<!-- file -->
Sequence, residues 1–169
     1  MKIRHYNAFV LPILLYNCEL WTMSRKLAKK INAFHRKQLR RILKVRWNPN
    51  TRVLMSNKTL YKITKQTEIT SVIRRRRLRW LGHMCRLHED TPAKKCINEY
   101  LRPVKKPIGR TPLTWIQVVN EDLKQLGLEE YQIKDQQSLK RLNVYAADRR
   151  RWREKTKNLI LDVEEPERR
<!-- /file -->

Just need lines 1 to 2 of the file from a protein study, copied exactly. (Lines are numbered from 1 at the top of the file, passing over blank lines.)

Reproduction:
Sequence, residues 1–169
     1  MKIRHYNAFV LPILLYNCEL WTMSRKLAKK INAFHRKQLR RILKVRWNPN